Since the Mayans didn't predict anything past 3:11 a.m. Dec. 21, nobody's quite sure how they felt about a white Christmas for 2012.
So whether you want a white Christmas or would just as soon have sunny skies and dry pavement, feel free to go ahead and blame the missing Mayans anyway if you don't get your choice.
After all, they're about as accountable as TV weather forecasters.
The latest information released by the National Weather Service Sunday night indicates a winter storm watch is now in effect for central Indiana from Tuesday evening to Wednesday evening.
Putnam County is included in the watch area, along with all of its contiguous counties.
The Weather Service says the storm system could impact Christmas travel with anywhere from five to nine inches of snow possible.
A low-pressure system is forecast to develop over Texas and track up through the Tennessee and Ohio valleys on Christmas night into Wednesday. Heavy snow fueled by strong winds will be possible across much of central Indiana.
Uncertainty still exists concerning the storm track of the low-pressure system. If it tracks westward, lower snow totals will be the norm as more warm air overspreads central Indiana. Colder temperatures would result in higher snow totals.
The snow is expected to begin falling after 7 p.m. Tuesday (Christmas Day) and continue through Wednesday evening.
So what is the chance of at least a trace of snow falling on Christmas Day?
The National Weather Service has kept snowfall records on Christmas Day in the Indianapolis area since 1871. And in that 141-year period, a trace of snow (or more) has fallen 64 times. That equates to a 45 percent chance of at least a trace of snow falling on Christmas Day.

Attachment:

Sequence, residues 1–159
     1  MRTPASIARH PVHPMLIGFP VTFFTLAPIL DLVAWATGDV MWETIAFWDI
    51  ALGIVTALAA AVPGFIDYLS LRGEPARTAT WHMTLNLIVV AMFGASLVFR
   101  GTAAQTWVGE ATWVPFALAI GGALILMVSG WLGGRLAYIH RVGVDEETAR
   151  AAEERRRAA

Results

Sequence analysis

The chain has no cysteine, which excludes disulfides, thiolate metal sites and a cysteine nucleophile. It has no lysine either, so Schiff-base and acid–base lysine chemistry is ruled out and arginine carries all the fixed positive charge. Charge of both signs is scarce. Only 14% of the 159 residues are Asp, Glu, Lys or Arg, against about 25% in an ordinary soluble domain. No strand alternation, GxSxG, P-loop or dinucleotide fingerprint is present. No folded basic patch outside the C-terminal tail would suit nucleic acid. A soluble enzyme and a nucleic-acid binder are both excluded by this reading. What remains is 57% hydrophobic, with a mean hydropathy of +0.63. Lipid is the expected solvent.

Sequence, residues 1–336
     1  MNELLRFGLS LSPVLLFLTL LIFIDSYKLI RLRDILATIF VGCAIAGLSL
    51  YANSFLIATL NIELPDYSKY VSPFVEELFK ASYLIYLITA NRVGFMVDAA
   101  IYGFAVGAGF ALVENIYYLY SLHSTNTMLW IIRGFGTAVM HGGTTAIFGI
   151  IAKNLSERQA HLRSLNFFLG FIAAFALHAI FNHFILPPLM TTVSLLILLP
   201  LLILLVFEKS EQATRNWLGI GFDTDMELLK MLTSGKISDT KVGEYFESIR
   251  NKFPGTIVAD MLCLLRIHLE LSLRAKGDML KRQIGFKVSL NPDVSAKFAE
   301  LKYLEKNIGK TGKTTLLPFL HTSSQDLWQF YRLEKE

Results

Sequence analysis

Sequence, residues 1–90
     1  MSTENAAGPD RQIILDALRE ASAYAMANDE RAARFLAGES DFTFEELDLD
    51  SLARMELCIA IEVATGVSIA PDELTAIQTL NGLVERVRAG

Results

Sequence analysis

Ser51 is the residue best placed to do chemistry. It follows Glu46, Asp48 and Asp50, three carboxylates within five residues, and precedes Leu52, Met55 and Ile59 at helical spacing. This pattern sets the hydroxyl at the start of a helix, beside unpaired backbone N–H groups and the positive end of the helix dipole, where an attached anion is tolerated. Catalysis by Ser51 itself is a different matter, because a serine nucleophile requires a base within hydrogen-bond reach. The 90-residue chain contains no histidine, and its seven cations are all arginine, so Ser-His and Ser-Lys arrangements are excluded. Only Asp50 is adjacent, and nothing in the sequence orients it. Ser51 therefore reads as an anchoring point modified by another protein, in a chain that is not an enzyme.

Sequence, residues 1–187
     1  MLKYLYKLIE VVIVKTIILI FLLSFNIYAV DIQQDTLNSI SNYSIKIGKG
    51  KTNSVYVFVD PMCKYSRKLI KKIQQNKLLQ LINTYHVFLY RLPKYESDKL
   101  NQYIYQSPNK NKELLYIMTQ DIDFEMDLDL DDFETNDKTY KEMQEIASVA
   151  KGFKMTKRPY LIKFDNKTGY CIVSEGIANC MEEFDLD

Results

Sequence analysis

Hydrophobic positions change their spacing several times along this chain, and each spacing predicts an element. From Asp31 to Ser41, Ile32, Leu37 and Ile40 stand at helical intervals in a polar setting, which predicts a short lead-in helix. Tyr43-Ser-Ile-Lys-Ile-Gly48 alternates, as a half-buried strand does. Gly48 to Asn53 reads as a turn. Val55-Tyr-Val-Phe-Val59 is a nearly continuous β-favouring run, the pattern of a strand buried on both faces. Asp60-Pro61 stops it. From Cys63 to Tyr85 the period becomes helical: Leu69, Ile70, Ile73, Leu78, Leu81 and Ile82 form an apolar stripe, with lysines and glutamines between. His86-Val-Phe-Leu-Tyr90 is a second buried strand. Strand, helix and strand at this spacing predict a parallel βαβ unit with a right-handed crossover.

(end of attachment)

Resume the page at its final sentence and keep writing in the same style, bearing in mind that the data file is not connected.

Of course, there's more than one way to define a white Christmas. For historical purposes, a white Christmas will be defined as any day that has either at least a trace of snow on the ground or experiences at least a trace of snow falling that day.
In more general terms, let's define a white Christmas as any Christmas Day that the Indianapolis area sees snow.
The other possibility of a white Christmas is if there is at least a trace of snow already on the ground. That could be old snow from a week ago, or just the day before.
Snow depth records don't go quite as far back, having been started in 1896. And in that 115-year span, there has been at least a trace of snow on the ground on Christmas Day 57 times. That equates to a 50 percent chance of at least a trace of snow on the ground on Christmas Day.
The last Christmas that saw snow on the ground in Indianapolis was in 2010, with five inches of snow on the ground Christmas morning.
The greatest snow depth on the ground on Dec. 25 came in 2004 when there were nine inches from storms occurring Dec. 22 and 23. In 2002, there were seven inches of snow on the ground on Christmas Day, most of which (5.9 inches) had fallen the day before.
The largest snowfall on Christmas Day ever recorded at Indianapolis was 5.9 inches in 1909. The biggest holiday snowfall in the past 80 years came when 2.6 inches of snow fell in 2005.
So what is the probability of having either a trace or more of snow falling, or a trace or more already on the ground?
Since 1871, it has happened 82 times, where either the snow has fallen or already been on the ground. That's an overall probability of just under 60 percent, meaning that six out of every 10 years, on average, will see either snow falling or snow already on the ground for Christmas Day.
So, much more often than not, there will be at least a few flakes around come Christmas.